The art on the front of your bike

Design studio Carter Wong has produced an A to Z of bicycle headbadges, all of which come from the collection of Jeff Conner, a cycling-obsessed biology professor from Michigan

Design studio Carter Wong has produced an A to Z of bicycle headbadges, all of which come from the collection of Jeff Conner, a cycling-obsessed biology professor from Michigan…

Hundreds of examples of these small, slightly curved metal shields are contained within A Cycling Lexicon, which is curated and designed by the London-based studio.

Conner explains in the book how he only started to collect headbadges in earnest three years ago. Prior to this small-scale (and house-friendly) hobby his passion for bikes extended to owning eight of them.

His badge collection, however, celebrates the “little pieces of art riveted onto the headset of your bicycle”, as designer Paul Smith writes in his introduction. Smith, a cycling afficianado, also has a connection to the home of the most famous British make in the book – Raleigh of Nottingham.

The badges’ size is certainly no barrier to invention. With a canvas usually no bigger than a couple of postage stamps the designs reveal a fascination with notions connected to cycling, as Carter Wong’s Phil Carter notes in his text in the book.

There are symbols of freedom and speed – with wings and birds abounding – and also a debt to heraldic animals (serpents, lions and eagles, in particular), with ideas of strength and precision also conveyed in the designs.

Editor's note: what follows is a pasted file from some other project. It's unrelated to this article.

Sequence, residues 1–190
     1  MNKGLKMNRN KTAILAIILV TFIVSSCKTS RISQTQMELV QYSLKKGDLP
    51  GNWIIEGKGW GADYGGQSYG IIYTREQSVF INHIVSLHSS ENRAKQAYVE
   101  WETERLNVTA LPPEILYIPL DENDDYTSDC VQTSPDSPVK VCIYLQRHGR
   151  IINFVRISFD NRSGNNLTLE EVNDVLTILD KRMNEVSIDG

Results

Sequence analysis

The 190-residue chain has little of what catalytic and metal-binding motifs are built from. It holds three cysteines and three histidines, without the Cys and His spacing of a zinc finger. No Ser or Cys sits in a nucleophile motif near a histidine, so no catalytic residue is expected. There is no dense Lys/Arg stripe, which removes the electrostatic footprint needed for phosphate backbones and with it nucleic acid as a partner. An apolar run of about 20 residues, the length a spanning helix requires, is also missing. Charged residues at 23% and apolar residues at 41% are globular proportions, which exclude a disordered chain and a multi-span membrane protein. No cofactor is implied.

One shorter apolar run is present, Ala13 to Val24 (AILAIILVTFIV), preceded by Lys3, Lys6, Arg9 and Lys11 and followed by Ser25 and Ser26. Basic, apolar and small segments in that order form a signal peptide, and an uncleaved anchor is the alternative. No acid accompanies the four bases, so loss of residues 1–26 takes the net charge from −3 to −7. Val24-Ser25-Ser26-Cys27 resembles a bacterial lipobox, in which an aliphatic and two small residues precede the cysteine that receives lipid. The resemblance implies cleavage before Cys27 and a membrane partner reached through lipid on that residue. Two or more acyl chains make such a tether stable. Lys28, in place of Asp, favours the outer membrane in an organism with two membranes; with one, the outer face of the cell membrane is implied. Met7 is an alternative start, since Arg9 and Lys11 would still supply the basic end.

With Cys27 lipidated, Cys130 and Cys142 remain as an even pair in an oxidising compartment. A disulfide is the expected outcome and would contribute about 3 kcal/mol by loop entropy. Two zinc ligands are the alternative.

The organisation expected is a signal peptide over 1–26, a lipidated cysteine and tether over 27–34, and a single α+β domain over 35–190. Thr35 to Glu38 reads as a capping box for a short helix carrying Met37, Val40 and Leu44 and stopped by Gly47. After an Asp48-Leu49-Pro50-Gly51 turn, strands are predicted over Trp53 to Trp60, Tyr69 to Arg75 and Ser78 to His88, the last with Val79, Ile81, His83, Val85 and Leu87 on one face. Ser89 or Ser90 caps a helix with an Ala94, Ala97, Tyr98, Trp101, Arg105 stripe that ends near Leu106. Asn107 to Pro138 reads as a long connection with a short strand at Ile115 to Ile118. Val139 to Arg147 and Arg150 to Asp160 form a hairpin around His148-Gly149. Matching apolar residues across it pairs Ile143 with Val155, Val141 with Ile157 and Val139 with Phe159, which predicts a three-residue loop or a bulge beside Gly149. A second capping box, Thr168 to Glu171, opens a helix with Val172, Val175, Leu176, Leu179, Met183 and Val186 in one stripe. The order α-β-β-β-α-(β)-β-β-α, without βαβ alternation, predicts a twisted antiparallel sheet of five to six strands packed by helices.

Moreover, the headbadges also hard back to the birth of the “era of affordable mobility” – many pre-date car badges, for example – and usually reflect the maker’s location in the world.

With its gold edges and compact size, the book has a biblical look perhaps reflecting the sacred regard with which this unshowy art form is held. Yet part of the charm of the work featured is that it is unsung – each piece the product of an uncredited designer.

At 400 pages the lexicon includes a wealth of bicycle art from all over the world, but it remains an ongoing collection, too – Conner still needs to find a ‘Q’ and an ‘X’.

A Cycling Lexicon (£20) can be ordered from the Carter Wong design shop at carterwongdesignshop.com.


  • This book looks incredible – full of logos and emblems which often go unnoticed, overshadowed by the bike itself. Carter Wong have done a great job.

  • As easy as ABC – a true Lexicon of Love.

    Mark Lee